Medicine:Arakawa's syndrome II

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Arakawa's syndrome II
Other namesMethionine synthase deficiency, Tetrahydrofolate-methyltransferase deficiency syndrome, and N5-methylhomocysteine transferase deficiency.[1]

Arakawa's syndrome II[2] is an autosomal dominant metabolic disorder that causes a deficiency of the enzyme tetrahydrofolate-methyltransferase; affected individuals cannot properly metabolize methylcobalamin, a type of Vitamin B12.


This disorder causes neurological problems, including intellectual disability, brain atrophy and ventricular dilation, myoclonus, hypotonia, and epilepsy. [citation needed]

It is also associated with growth retardation, megaloblastic anemia, pectus excavatum, scoliosis, vomiting, diarrhea, and hepatosplenomegaly.[citation needed]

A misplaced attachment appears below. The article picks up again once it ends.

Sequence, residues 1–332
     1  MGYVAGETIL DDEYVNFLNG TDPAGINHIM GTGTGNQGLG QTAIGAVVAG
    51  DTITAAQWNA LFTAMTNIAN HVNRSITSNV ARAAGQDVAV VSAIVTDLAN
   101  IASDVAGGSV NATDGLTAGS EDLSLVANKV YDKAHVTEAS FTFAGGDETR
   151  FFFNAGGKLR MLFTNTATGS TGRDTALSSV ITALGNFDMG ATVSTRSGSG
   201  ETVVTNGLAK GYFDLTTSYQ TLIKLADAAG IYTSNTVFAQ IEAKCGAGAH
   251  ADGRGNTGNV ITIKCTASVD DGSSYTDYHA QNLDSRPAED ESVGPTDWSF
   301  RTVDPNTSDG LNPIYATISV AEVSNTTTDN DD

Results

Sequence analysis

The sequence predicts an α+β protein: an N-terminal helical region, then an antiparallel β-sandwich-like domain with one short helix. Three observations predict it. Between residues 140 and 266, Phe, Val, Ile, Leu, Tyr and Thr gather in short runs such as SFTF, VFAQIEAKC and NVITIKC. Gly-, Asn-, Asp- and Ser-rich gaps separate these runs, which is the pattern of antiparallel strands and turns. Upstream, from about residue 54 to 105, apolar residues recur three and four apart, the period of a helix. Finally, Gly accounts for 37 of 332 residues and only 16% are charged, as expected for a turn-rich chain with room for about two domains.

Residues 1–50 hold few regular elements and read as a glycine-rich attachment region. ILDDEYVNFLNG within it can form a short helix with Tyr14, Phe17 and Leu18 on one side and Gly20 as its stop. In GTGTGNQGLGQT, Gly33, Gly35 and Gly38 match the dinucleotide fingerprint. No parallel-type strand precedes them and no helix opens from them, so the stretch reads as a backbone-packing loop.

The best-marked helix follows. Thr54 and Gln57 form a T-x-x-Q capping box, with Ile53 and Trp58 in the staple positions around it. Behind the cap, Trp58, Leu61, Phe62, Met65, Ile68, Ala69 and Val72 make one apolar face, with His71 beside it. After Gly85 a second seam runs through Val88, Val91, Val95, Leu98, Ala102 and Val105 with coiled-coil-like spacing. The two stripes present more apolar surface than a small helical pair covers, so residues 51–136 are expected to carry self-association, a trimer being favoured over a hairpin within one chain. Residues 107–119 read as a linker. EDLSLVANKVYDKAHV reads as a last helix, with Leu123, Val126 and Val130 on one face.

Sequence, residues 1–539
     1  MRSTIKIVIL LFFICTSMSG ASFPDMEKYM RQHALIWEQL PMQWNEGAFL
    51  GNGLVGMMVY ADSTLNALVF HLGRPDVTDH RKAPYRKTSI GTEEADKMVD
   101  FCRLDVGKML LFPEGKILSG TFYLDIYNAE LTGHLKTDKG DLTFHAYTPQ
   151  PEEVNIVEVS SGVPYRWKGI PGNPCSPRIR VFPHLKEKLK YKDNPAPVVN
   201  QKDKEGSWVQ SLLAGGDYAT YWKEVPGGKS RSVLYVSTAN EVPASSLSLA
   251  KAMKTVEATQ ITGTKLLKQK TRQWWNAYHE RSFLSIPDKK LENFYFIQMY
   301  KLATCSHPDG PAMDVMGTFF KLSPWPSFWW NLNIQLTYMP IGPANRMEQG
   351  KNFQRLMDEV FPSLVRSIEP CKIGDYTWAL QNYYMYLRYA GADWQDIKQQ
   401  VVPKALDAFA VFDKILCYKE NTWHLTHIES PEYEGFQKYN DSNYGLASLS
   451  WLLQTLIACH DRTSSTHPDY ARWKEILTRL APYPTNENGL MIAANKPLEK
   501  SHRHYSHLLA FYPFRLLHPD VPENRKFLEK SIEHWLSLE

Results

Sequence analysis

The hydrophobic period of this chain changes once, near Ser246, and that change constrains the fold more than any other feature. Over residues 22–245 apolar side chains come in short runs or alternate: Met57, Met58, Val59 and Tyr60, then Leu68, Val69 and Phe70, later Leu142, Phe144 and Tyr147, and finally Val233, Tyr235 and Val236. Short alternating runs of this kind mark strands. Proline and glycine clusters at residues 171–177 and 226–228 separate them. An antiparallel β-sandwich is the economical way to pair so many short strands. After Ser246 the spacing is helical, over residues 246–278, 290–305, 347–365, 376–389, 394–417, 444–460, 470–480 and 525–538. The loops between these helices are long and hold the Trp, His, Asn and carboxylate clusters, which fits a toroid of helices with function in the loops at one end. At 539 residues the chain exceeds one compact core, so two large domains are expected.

Arakawa's syndrome II has an autosomal dominant pattern of inheritance.

Arakawa's syndrome II is inherited in an autosomal dominant manner. This means the defective gene responsible for disorder is located on an autosome, and one copy of the defective gene is sufficient to cause the disorder when inherited from a parent who has the disorder.[citation needed]




It is called "Arakawa syndrome 2" after Tsuneo Arakawa (1949–2003), a Japanese Physician.;[2][3] in this context, "Arakawa syndrome 1" refers to Glutamate formiminotransferase deficiency.


  1. Online Mendelian Inheritance in Man (OMIM) 156570
  2. 2.0 2.1 synd/235 at Who Named It?
  3. Arakawa T (1967). "Megaloblastic anemia and mental retardation associated with hyperfolic-acidemia: probably due to N5 methanphetimite transferase deficiency". Tohoku J. Exp. Med. 93 (1): 1–22. doi:10.1620/tjem.93.1. PMID 5300832. 

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